The number of people accessing a home care package is growing, with a reduction in the number of people on the national queue and maximum wait times now less than nine months, according to the latest government data.
The Home Care Packages Program Data Report for the first quarter of the 2021-22 financial year shows that 74,143 Australians were waiting for a HCP at their approved level at the end of September, down from 87,162 six months ago.
According to the government, that represents a 25 per cent drop in the number of people on the national queue in the 12 months from September 2020.
The figures show 51,662 eligible people had not yet been offered an interim home care package although almost all had CHSP approval.
The number of people accessing a home care package stood at 186,570 at 30 September 2021, the report shows, a jump of 36,751 in the last year.
There were 19,599 new entries to a HCP in the September quarter, the single largest quarterly inflow.
People were waiting between one and three months for the highest level of home care and up to nine months for Levels 1,2 and 3.
Government credits…. itself
“We have seen a 25 per cent decrease in the number of people who are waiting for a home care package at their approved level since 30 September 2020,” aged care services minister Richard Colbeck said.
He said it reflected the government’s investment in providing an additional 80,000 home care packages from July.
“In addition to the 40,000 packages released in 2021-22, another 40,000 packages will become available in 2022-23,” he said.
“This means that by 30 June 2023 there will be around 275,600 packages available, ahead of the scheduled implementation of the new home care system by July of that year.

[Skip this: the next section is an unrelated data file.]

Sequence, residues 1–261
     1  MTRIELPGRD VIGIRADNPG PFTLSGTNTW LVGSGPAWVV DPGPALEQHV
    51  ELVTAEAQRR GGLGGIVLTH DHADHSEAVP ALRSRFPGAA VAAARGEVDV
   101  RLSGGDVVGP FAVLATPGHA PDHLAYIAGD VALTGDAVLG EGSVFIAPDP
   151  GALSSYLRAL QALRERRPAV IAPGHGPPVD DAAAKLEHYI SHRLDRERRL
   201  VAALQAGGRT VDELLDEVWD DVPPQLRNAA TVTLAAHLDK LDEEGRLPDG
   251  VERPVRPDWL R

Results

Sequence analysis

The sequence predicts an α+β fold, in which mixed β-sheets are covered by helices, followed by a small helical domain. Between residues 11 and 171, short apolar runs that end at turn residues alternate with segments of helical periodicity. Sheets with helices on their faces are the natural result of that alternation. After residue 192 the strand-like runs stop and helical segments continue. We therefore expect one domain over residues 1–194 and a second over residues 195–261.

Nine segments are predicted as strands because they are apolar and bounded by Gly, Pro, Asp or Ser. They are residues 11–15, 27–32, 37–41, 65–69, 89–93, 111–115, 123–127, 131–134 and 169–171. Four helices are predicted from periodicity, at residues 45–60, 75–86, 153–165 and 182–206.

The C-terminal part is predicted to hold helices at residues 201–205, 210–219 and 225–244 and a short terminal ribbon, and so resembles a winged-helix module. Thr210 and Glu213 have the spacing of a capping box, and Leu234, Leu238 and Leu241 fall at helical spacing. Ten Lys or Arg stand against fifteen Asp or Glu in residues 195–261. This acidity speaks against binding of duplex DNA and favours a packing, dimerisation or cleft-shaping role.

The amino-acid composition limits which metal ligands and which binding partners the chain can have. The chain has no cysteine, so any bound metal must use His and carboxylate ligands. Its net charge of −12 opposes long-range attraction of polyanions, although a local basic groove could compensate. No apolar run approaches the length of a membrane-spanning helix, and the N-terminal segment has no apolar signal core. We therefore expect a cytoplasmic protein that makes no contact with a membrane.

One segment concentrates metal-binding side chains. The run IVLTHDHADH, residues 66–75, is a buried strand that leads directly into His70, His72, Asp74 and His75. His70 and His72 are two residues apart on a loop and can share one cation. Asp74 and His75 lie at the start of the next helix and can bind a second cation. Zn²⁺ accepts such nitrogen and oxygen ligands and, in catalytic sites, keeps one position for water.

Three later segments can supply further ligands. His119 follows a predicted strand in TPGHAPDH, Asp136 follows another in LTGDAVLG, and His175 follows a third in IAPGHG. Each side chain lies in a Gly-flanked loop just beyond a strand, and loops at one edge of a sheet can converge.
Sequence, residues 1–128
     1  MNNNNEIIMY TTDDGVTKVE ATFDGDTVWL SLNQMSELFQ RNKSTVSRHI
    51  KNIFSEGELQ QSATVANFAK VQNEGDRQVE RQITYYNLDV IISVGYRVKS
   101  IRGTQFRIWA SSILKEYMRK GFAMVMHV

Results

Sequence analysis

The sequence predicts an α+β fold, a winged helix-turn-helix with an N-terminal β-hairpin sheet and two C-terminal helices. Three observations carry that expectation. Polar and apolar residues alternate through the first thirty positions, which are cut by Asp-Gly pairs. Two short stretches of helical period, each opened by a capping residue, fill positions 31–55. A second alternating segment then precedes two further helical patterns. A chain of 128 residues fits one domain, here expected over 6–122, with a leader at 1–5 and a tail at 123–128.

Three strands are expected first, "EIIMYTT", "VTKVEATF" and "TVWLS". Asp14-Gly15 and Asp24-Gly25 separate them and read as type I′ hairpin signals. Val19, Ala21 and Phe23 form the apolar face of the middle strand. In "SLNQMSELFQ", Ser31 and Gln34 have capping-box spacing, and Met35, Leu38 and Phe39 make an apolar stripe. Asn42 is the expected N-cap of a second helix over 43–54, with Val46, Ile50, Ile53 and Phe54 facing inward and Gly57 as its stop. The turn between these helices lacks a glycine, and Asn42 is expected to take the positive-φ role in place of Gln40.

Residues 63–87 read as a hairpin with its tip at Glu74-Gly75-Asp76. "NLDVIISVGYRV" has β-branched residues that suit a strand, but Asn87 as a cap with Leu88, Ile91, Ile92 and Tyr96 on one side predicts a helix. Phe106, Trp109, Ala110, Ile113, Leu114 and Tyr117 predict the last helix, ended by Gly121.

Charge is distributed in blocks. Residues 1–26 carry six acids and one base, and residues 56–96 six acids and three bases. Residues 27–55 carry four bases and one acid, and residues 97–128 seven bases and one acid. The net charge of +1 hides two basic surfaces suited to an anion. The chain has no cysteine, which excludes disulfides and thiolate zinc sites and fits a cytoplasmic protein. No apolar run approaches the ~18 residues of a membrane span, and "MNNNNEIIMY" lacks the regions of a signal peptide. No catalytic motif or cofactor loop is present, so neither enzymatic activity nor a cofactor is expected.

Providers market stable
The Report on the Operation of the Aged Care Act, released last Friday, shows that between 30 June 2020 and 30 June 2021, the number of operational approved home care providers grew from 920 to 939, representing a 2.1 per cent increase.
However the Gen data shows a significant drop since then, with 913 approved HCP providers at 30 September 2021.
The report attributes the drop to providers without any care recipients deactivating their aged care services.
In terms of service provision, the provider market has remained stablelReport on the Operation of the Aged Care Act
However ,providers with at least one care recipient increased between June and September.
That indicated that “in terms of service provision, the provider market has remained stable”, the report says.
The Aged Care Act report shows almost two thirds of aged care consumers accessed basic support at home and more than 1,430 organisations were funded to deliver CHSP services.
More than 212,000 people received care through a HCP and 825,383 were getting CHSP.
Read more about the report here.
Unmet demand for home support
But it’s not all good news. A report by the consumer group Older Persons Advocacy Network (OPAN) found despite increasing demand or CHSP, there were workforce shortages and a lack of services, particularly in rural and remote areas.
It also found home care consumers were concerned about long waiting times, fees and communication with providers.
The report is based on data captured in OPAN’s member’s quarterly reporting through 2020-21, and also includes case studies of older people’s experiences, some of which OPAN describes as “ quite distressing”.
OPAN CEO,Craig Gear OAM said the report highlights that more work needs to be done to improve the aged case system.
“We acknowledge the Australian government’s commitment to transform the aged care system and were pleased to see its significant investment in the May budget as a big first step,” he said in a statement.
“It is important to acknowledge that while the transformation of the aged care system has begun, it is not yet fixed, and older people are still enduring confronting experiences.”